Debt Financing and the rising Cost of Living

By Carl Dunton

Without stating the obvious (the rising cost of living), there are many factors putting financial pressure on companies and consumers, from increased costs of goods and materials to the spiraling cost of credit (for companies and consumers). Debt laden businesses will be especially impacted as debt (loans or bonds) comes with terms and conditions attached. Actual and, in some cases, anticipated breaches of these terms can lead to stops on future funding (at a time when the need for cash is at its greatest) or, worse, an immediate need to repay in full; putting pressure on cash reserves and, potentially, a business’ solvency.

In such uncertain times there is a need to understand any provisions relating directly or indirectly to the health of the debtor, its group, its business(es) and the potential consequences. Financial covenants and material adverse change provisions need particular consideration. Breaches can lead creditors to query the on-going feasibility of a business, its ability to meet interest payments and ultimately repayment of principal.

Financial covenants link directly to the performance of the debtor and its business

Financial covenants vary in type depending on the underlying business. Debt to EBITA and Interest Cover ratios are two examples where the impact of the rising cost of living, for some businesses, could have a detrimental impact:

  • Debt to EBITDA ratio - the debt held by the debtor cannot be greater than a multiple of the EBITDA of that business. Earnings will be adversely impacted in certain businesses which rely more on accessing a consumer’s discretionary spend e.g. recreation and leisure businesses, clothing/fashion, non-essential retail, travel related entities (e.g. hotels or airlines). The debt remains the same, so compliance becomes more challenging;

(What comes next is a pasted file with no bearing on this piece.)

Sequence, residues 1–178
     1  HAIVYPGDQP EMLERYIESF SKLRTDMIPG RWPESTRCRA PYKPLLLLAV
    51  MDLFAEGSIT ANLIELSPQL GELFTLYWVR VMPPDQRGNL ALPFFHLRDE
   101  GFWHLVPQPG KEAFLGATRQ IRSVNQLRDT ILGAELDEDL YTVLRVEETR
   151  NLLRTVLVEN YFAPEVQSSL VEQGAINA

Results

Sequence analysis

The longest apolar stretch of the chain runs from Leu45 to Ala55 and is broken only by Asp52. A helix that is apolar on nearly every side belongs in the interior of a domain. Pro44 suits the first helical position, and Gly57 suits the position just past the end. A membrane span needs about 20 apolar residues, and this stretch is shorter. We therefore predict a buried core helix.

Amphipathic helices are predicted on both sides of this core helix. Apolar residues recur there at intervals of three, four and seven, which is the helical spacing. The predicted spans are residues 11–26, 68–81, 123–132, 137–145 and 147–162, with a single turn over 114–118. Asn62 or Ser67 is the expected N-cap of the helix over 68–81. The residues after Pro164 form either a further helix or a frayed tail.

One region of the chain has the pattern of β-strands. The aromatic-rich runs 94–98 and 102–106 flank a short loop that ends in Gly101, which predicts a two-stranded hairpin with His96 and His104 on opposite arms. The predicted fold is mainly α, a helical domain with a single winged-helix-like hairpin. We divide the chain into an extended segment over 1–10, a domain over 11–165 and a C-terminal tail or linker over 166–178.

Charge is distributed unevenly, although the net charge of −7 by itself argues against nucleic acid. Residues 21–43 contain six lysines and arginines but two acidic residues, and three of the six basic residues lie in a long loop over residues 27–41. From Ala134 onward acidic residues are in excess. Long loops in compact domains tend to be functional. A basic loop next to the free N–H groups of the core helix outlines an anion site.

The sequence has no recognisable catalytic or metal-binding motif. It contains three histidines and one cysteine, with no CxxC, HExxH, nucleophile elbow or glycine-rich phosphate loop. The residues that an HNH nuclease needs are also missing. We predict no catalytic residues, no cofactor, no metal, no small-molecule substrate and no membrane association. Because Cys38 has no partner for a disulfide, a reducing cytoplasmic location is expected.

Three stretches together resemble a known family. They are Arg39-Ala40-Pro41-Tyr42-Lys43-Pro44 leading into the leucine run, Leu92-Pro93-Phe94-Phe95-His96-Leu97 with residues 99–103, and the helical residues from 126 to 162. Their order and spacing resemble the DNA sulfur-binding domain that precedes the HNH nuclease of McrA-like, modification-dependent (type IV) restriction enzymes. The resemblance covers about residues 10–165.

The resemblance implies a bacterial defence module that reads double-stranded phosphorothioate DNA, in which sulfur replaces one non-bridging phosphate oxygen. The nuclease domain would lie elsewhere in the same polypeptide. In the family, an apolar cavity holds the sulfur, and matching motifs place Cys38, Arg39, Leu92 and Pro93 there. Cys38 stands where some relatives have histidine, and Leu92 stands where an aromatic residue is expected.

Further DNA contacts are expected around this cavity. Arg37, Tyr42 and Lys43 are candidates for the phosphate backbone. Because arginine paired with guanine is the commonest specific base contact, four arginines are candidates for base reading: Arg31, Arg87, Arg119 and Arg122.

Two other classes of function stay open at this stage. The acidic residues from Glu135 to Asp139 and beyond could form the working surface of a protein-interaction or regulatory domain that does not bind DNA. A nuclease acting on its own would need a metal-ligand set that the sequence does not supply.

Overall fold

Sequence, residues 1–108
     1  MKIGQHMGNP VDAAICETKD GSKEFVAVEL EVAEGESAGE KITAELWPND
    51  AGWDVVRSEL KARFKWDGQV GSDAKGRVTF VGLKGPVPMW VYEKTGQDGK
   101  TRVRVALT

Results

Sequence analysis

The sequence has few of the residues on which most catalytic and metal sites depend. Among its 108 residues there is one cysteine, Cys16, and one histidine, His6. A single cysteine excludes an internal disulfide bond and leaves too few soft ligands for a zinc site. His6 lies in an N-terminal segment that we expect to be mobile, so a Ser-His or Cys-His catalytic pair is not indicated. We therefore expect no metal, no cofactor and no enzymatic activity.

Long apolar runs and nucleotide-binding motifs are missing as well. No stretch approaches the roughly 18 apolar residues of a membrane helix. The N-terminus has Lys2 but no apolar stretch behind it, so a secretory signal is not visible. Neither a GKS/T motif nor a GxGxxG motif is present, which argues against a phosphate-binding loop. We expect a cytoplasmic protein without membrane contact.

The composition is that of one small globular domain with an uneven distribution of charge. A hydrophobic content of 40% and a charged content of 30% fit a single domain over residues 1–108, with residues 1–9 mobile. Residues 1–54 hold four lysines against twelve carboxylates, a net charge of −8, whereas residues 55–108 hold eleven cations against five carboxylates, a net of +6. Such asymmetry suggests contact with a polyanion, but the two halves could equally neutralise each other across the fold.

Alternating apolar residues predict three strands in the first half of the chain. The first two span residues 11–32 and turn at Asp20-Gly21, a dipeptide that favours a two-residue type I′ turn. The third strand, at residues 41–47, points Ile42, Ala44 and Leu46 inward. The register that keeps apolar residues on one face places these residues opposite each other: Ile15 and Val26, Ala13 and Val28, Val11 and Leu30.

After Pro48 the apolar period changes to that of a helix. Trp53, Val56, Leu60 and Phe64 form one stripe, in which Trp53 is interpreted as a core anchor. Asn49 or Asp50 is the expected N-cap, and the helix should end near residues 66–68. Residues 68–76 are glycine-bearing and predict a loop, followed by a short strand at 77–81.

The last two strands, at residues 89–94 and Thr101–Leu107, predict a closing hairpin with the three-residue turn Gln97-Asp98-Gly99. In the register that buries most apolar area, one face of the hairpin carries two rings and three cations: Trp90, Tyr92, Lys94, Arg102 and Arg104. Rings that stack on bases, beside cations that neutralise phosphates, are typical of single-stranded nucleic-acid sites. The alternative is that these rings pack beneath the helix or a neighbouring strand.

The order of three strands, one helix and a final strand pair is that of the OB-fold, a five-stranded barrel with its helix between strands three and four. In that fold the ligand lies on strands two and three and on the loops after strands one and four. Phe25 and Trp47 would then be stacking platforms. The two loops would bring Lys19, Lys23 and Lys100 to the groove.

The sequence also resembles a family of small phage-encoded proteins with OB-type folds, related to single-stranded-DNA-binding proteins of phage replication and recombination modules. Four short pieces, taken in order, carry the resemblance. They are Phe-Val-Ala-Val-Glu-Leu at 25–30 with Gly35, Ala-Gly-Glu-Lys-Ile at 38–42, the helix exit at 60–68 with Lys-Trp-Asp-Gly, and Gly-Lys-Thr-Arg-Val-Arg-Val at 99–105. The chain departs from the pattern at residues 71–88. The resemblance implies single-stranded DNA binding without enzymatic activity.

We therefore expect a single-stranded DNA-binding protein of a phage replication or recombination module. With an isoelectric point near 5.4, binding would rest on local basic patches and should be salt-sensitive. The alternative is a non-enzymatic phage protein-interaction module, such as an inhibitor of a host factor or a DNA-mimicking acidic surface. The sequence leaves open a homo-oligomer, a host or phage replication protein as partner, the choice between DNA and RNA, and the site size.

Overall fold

• Interest cover ratio - this is the ability for a business’ income stream to cover its interest obligations. In a property related business this ratio would be based upon the passing rent received by the debtor from its tenants. Tenants (whether commercial or residential) impacted by the rising cost of living may default on or walk away from leases, not pay rents (or pay them late) and tenants may not be replaced, all leading to a reduced income and pressure is placed on the covenant.

Material Adverse Change clauses (MAC) Clauses

MAC clauses are common in debt documentation. Formulations are often negotiated. However a common formulation is the debt provider(s) concluding that:

“an event or circumstance has occurred which has or is reasonably likely to have a material adverse effect on the business, operations, property, condition (financial or otherwise) or prospects of the Debtor”.

This is a current and prospective test and can look at all aspects of a debtor’s finances including balance sheet items (assets and liabilities), profit and loss account items and cash-flow or liquidity items, and the impact on these of the state of the markets in which it operates. A creditor or group of creditors could, in a business which they believe will be adversely impacted by the rising cost of living (e.g. a manufacturing business where raw materials and the cost of fuel has increased but these costs cannot be passed on to consumers and little/no cost cutting measures can be implemented), state that a MAC has or is reasonably likely to occur.

What should debtors and creditors be doing?

Both debtors and creditors need to monitor for actual and anticipated breaches.

Debtors should up the monitoring of financial covenant compliance on a “real time” basis (not just annually/semi-annually), have a better understanding of any “cure” provisions and the process and consequences relating to any default or enforcement scenario.

Creditors, where they suspect financial difficulty, should use existing information covenants to receive information outside of the usual information cycles, be proactive, ask questions on the state of the business, understand any restrictions on debt transferability, be aware of their position in the creditor’s debt stack and understand the process and voting thresholds for waivers, amendments or enforcement actions.

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